routing history data. Then, in order to improve the current practice, we present a novel game-theoretical framework to efficiently
coordinate the routing on inter-AS links while modeling the non-cooperative carrier behavior. It relies on a coordinated use
of the Multi-Exit Discriminator (MED) attribute of BGP, hence it is nicknamed ClubMED (Coordinated MED). We define the routing
policy that shall be implemented upon Nash equilibria and Pareto-efficient profiles. We emulated the interconnection between
the Internet2 and the Geant2 networks, comparing our proposition to the current BGP practice. The results show that the route
stability can significantly be reinforced, the global routing cost can be significantly reduced, and the inter-AS link congestion
can be avoided.
Telecommunication Systems 10/2011; 48(1-2):77-92. DOI:10.1007/s11235-010-9335-x · 0.71 Impact Factor
[Show abstract][Hide abstract] ABSTRACT: In this paper we propose an infrastructure access tariff in a cost allocation problem arising from the reorganization of the
railway sector in Europe. To that aim we introduce the class of infrastructure cost games. A game in this class is a sum of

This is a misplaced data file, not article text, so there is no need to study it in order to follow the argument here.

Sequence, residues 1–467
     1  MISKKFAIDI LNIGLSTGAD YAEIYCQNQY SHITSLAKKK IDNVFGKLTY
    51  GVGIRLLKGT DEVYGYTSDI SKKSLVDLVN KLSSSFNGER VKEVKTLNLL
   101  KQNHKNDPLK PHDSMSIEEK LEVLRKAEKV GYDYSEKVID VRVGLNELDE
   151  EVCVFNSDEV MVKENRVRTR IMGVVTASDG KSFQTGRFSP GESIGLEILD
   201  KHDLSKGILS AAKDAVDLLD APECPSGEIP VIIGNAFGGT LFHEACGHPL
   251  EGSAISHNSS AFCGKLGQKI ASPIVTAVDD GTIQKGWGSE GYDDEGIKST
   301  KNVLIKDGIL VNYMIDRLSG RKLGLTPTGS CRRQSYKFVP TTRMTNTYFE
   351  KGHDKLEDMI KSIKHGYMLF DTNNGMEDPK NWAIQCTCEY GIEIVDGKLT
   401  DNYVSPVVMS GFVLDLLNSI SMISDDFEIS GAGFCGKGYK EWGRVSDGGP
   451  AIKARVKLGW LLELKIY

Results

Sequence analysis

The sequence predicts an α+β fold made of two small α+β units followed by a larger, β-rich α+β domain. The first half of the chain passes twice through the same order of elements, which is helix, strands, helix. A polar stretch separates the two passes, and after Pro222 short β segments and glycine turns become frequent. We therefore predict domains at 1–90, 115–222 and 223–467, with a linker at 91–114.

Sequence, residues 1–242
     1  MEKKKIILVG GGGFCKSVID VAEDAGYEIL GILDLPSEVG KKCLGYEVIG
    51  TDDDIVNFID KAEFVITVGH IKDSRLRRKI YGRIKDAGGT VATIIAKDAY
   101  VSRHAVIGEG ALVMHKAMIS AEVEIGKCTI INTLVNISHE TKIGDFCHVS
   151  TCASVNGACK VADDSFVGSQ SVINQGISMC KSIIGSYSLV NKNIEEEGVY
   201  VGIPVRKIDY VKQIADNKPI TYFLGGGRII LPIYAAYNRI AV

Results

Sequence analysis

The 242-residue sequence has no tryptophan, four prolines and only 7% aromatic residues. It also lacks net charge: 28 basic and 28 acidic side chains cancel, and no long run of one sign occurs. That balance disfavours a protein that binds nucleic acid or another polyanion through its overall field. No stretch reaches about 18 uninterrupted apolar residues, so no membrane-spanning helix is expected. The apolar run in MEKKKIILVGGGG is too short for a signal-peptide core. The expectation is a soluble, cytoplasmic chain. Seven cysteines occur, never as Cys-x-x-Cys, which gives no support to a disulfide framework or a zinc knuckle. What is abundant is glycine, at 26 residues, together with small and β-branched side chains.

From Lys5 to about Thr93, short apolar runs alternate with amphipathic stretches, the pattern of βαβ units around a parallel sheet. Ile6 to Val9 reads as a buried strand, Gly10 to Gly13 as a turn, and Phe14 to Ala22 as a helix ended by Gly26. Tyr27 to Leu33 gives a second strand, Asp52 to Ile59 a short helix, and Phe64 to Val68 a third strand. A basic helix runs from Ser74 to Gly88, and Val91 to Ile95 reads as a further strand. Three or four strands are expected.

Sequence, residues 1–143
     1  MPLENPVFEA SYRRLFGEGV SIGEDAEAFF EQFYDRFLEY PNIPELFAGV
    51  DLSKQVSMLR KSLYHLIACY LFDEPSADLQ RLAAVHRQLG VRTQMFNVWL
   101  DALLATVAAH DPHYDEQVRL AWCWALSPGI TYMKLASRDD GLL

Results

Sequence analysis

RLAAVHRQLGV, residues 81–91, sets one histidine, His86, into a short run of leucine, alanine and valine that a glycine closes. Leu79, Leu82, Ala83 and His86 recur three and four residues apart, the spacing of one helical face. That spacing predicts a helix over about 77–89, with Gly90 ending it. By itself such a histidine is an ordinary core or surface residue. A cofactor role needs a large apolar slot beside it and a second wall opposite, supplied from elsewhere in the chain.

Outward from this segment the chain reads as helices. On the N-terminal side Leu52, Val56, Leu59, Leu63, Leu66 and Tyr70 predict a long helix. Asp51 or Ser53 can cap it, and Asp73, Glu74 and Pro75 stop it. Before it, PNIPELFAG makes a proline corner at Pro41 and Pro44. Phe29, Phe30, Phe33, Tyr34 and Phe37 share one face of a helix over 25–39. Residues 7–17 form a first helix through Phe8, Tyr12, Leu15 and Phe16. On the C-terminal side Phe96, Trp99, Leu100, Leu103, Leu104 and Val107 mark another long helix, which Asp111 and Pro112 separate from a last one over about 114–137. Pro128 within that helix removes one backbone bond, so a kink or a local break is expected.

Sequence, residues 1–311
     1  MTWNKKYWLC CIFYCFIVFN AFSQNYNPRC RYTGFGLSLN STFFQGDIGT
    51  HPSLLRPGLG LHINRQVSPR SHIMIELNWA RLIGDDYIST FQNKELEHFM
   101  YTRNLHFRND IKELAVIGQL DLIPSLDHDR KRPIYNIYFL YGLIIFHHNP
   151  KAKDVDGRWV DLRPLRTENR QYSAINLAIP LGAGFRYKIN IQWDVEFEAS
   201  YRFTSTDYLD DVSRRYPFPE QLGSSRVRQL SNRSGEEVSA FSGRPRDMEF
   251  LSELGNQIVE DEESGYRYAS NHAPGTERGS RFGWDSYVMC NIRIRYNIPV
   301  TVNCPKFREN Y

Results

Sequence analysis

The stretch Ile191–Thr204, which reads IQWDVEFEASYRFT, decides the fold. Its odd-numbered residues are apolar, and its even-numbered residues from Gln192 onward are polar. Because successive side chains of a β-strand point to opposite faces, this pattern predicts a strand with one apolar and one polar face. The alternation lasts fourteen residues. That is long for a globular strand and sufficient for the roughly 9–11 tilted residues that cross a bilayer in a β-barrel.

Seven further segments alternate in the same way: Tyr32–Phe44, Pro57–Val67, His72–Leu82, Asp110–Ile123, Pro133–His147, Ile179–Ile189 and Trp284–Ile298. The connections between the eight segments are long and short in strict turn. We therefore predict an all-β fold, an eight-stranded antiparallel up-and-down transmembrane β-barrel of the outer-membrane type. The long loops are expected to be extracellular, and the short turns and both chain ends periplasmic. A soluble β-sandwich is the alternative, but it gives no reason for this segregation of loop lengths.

airport games and what we call maintenance cost games, and models the infrastructure costs (building and maintenance) produced
when a set of different types of trains belonging to several agents makes use of a certain infrastructure. We study some properties
of infrastructure cost games and provide a formula for the Shapley value of a game in this class. The access tariff we propose
is based on the Shapley value of infrastructure cost games.
[Show abstract][Hide abstract] ABSTRACT: It is generally admitted that interdomain peering links represent nowadays the main bottleneck of the Internet, particularly because of lack of coordination between providers, which use independent and “selfish” routing policies. We are interested in identifying possible “light” coordination strategies that would allow carriers to better control their peering links while preserving their independence and respective interests. We propose a robust multipath routing coordination framework for peering carriers, which relies on the multiple-exit discriminator (MED) attribute of Border Gateway Protocol (BGP) as signaling medium. Our scheme relies on a game theory modeling, with a non-cooperative potential game considering both routing and congestions costs. Peering equilibrium multipath (PEMP) coordination policies can be implemented by selecting Pareto-superior Nash equilibria at each carrier. We compare different PEMP policies to BGP Multipath schemes by emulating a realistic peering scenario. Our results show that the routing cost can be decreased by roughly 10% with PEMP. We also show that the stability of routes can be significantly improved and that congestion can be practically avoided on the peering links. Finally, we discuss practical implementation aspects and extend the model to multiple players highlighting the possible incentives for the resulting extended peering framework.